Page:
Ronald G. Ross

Ron Ross, Principal and Co-Founder of Business Rules Solutions, LLC, is internationally acknowledged as the “father of business rules.” Recognizing early on the importance of independently managed business rules for business operations and architecture, he has pioneered innovative techniques and standards since the mid-1980s. He wrote the industry’s first book on business rules in 1994.

Comments (2)

  • Nick Malik

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    Hi Ron,

    Excellent article. You are corrrect in stating that business rules are seperable from event handling logic. In my own defense, if systems emerge that can support “smart configuration,” I expect that they will allow an organization to configure standard events or declare their own. Such a system would, I hope, recognize the interaction between those events and the business rules that are triggered as the events are managed.

    I would like to learn more about the concept you are terming “decisions.” It sounds like there are many variations on that term that could be used. I’m curious about whether you are looking solely at operational decisions (for managing the flow of day-to-day events), or if you are looking to capture “change events” which are intentional disruption events that may be required from time to time to implement an altogether new set of processes and flows as the business models themselves change.

    (Alas, I live with one foot in the future, one foot in the present, and both hands embracing the changes needed to move between them… to me, “decisions” are all about the conscious need for intentional change, including creative destruction and reconstruction of processes).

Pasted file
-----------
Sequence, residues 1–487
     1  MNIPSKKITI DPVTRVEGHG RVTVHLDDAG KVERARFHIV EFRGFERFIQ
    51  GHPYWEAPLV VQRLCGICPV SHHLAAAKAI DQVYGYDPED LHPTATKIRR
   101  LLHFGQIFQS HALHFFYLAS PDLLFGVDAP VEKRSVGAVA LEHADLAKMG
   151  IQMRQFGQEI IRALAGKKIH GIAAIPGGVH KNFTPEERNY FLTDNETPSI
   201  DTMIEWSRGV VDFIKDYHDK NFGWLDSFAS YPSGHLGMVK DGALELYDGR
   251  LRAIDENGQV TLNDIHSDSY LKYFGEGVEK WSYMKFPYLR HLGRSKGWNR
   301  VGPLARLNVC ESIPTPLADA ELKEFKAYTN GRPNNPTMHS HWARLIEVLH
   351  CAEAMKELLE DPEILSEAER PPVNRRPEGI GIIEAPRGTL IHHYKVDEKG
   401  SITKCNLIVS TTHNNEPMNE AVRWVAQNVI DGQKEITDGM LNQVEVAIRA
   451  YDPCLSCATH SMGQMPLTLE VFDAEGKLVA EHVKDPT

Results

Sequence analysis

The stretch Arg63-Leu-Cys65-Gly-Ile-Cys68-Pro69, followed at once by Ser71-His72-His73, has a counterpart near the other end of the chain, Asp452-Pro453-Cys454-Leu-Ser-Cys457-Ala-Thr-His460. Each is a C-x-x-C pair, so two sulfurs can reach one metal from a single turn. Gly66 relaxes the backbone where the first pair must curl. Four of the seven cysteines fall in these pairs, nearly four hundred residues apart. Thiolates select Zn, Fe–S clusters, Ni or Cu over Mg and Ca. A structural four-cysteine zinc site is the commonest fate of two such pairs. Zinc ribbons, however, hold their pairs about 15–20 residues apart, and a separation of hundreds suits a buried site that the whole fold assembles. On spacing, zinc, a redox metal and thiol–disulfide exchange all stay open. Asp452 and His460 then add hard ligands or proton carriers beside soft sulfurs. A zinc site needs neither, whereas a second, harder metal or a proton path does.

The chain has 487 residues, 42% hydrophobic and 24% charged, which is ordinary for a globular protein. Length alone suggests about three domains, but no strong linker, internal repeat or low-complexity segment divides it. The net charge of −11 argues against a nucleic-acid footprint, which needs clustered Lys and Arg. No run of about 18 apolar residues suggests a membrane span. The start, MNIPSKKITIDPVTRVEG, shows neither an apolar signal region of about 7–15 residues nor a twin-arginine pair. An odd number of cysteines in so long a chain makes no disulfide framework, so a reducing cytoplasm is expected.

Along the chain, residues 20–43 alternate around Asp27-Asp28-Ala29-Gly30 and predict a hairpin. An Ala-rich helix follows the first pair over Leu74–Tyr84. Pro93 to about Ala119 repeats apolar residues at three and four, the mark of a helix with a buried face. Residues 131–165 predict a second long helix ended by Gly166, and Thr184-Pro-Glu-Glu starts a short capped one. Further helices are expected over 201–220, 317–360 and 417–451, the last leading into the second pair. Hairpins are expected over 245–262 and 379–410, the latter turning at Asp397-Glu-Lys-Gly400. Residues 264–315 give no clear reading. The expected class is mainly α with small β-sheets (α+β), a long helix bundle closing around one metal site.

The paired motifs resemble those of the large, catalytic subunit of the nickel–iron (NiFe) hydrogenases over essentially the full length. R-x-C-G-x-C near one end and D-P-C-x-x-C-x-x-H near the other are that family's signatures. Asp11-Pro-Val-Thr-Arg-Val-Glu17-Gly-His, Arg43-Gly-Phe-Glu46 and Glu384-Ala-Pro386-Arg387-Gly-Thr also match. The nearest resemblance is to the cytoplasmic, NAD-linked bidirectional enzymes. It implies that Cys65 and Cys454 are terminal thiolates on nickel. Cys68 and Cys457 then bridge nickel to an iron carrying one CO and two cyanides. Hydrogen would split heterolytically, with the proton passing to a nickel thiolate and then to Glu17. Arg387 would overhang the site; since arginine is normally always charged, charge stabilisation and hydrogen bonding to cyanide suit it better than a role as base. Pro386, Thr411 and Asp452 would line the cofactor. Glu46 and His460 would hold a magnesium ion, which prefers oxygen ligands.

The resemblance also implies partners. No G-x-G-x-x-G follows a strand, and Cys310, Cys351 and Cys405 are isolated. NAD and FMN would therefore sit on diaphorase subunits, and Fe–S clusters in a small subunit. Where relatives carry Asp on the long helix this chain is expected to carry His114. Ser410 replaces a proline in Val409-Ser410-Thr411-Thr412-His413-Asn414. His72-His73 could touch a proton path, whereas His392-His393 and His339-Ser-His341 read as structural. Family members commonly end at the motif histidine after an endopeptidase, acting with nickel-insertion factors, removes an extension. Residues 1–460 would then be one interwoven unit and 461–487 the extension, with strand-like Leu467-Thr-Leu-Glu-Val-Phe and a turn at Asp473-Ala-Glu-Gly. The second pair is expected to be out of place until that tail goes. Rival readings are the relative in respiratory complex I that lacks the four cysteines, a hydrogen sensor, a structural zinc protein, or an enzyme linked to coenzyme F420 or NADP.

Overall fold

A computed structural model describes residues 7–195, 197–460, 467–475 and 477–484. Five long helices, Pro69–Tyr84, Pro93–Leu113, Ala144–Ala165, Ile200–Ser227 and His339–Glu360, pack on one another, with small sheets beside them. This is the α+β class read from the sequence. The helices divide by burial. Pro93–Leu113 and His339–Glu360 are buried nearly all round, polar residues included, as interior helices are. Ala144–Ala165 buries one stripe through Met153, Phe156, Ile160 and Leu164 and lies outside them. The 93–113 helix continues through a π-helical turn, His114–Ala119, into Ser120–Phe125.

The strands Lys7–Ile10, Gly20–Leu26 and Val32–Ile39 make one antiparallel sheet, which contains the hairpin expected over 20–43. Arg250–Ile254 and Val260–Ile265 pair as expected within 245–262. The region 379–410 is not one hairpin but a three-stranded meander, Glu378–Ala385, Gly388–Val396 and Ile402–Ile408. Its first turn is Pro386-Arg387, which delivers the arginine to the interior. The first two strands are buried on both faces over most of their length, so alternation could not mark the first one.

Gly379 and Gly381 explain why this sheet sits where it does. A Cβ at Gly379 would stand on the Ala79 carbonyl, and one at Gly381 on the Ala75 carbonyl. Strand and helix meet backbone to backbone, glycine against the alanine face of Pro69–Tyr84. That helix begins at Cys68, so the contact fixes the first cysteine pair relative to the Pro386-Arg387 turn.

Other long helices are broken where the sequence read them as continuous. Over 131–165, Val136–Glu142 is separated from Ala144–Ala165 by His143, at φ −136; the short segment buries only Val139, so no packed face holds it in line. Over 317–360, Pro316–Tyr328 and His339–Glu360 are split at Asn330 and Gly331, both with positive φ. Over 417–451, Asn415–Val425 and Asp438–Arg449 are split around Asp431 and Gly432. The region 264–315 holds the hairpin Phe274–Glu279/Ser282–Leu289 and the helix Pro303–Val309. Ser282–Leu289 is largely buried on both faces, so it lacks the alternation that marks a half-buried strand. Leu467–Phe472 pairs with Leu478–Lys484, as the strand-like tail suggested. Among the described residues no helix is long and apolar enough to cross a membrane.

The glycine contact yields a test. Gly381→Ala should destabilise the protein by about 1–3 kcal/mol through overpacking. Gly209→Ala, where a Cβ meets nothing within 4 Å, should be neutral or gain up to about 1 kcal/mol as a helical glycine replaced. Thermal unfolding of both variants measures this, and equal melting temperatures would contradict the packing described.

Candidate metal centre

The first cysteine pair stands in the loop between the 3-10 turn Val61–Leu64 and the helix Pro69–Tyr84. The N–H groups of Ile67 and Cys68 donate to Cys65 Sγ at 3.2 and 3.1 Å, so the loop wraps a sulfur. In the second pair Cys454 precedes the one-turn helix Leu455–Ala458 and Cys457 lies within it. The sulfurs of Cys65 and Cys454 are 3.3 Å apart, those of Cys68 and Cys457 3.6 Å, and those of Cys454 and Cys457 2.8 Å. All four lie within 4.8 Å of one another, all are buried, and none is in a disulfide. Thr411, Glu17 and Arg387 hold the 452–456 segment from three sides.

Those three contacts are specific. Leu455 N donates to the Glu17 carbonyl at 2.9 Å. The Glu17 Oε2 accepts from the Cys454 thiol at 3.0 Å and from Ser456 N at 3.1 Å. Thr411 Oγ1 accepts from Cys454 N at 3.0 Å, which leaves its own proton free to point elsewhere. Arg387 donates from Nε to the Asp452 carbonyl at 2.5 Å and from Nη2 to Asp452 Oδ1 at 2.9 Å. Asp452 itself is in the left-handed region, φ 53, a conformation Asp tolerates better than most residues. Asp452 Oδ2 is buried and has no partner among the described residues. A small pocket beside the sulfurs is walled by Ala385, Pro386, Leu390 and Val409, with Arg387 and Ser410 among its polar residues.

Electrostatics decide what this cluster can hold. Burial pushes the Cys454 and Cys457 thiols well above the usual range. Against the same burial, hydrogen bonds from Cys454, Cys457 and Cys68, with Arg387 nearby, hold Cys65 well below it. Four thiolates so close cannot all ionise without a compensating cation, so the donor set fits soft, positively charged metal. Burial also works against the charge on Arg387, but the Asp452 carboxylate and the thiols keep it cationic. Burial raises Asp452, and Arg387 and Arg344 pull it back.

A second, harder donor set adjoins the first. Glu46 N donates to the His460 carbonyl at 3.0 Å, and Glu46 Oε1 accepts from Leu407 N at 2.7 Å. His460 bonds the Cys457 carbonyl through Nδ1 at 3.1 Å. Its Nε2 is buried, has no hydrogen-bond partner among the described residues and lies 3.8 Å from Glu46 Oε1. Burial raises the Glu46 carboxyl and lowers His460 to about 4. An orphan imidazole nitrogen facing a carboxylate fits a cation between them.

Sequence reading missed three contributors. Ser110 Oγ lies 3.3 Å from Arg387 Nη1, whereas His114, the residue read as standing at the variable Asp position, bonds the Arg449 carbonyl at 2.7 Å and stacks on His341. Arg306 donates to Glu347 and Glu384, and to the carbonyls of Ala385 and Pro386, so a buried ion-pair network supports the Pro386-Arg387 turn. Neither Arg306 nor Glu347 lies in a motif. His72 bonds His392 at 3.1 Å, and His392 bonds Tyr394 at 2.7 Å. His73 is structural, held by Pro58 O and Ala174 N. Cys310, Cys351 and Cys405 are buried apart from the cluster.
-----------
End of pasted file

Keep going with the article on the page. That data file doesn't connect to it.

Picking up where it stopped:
Note that the term “Big-P” is not widely defined. Perhaps if you define it, it would make this article a tad more readable.

    I’m looking forward to your book.
    — Nick

    • Ronald G. Ross

      Ronald G. Ross

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      Nick – You said “I would like to learn more about the concept you are terming “decisions.” It sounds like there are many variations on that term that could be used. I’m curious about whether you are looking solely at operational decisions (for managing the flow of day-to-day events), or if you are looking to capture “change events” which are intentional disruption events that may be required from time to time to implement an altogether new set of processes and flows as the business models themselves change.”

      >>I use the term “decision” only in the sense of “operational business decision” … the former sense above. The latter kind are perhaps even more important … but I would use some other term for them.

      You said: “Note that the term “Big-P” is not widely defined. Perhaps if you define it, it would make this article a tad more readable.”

      >>I’m open to suggestions … I use “Big-P Process” for those approaches that lump together business processes with business strategy (if any!), business rules (if recognized), business events (if recognized) … and the kitchen sink.